The kitchen air is alive with flour, fragrant with butter and chocolate. Carol and I are chopping hazelnuts and pressing out cookies while our three kids, all toddlers, hinder and help. We’re making Spritzgebachnis, one of my grandmother’s German family recipes, and Danish butter cookies, her specialty. My daughter Brook is only four, and I have no idea that two decades later, she and I will still be in the kitchen on chilly December afternoons making Christmas cookies together.
And right there you have it: the secret of the best traditions. They don’t start out earmarked as such, repeated annually because you’re supposed to. No, the beloved ones establish their own momentum, recur and evolve based on the power of the experience itself. In our case, the driving force was Brook, who began begging to make cookies on Thanksgiving day, and pored over cookbooks to add new recipes, expanding our repertoire to a dozen last year. In the early days, her small, clumsy hands made shaping delicate crescents so frustrating, we’d both end up in tears. I’d vow “never again,” but as soon as the first serious frost decorated our lawn with a spun-sugar glaze, Brook would start talking about the cookies. “We’ve got to make them,” she’d say. “It’s a tradition!” And so we did.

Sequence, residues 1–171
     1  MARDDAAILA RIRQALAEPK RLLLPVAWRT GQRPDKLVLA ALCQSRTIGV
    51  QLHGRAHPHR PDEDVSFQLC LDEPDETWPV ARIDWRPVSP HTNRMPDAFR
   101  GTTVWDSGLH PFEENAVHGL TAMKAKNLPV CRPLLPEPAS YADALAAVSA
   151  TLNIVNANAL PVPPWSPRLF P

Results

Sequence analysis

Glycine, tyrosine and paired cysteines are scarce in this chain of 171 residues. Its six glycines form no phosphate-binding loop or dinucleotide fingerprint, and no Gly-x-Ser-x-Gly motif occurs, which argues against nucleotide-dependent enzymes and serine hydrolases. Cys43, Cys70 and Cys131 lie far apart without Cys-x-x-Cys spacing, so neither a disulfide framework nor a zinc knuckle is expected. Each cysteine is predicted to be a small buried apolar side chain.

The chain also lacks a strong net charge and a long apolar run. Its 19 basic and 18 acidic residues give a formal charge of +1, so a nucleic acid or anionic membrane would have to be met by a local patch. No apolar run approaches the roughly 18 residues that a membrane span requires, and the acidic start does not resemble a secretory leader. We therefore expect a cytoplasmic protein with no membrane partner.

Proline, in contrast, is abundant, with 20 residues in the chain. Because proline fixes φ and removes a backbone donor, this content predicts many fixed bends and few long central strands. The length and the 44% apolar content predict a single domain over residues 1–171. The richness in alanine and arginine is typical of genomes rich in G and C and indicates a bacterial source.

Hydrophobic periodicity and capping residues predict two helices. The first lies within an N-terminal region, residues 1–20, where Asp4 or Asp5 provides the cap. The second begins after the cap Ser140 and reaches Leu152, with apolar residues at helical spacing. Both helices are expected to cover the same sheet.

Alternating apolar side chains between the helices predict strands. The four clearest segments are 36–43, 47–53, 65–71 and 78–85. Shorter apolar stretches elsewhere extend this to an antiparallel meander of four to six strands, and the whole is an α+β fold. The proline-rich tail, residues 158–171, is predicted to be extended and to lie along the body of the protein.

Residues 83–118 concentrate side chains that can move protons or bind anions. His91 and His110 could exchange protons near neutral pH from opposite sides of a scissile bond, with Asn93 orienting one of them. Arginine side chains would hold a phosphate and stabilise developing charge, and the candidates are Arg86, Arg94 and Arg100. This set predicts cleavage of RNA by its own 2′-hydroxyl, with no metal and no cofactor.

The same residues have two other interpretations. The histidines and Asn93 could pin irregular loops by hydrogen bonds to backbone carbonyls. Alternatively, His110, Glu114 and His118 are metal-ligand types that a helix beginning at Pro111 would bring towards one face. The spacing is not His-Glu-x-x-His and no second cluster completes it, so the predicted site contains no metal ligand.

When she went away to college, I figured the cookies would become a casualty of her growing up. Maybe I’d just whip up a recipe or two by myself. But despite parties and papers and exams, she always made it home for one cookie-crazed weekend in early December. Those long cinnamon-scented afternoons were a cherished window into her new independent life; I’d hear about crushes and spats, the classes she was taking, the sports she played. These days, she’s got a job and an apartment in a big city 50 miles from our home, and I know I can count on an e-mail around Thanksgiving organizing a weekend we’ll both be free. And on some future December day, just maybe, there will be a new set of small, clumsy hands, and Brook will understand how important this tradition she invented is to me.
Check out Susan’s website at www.susancrandell.com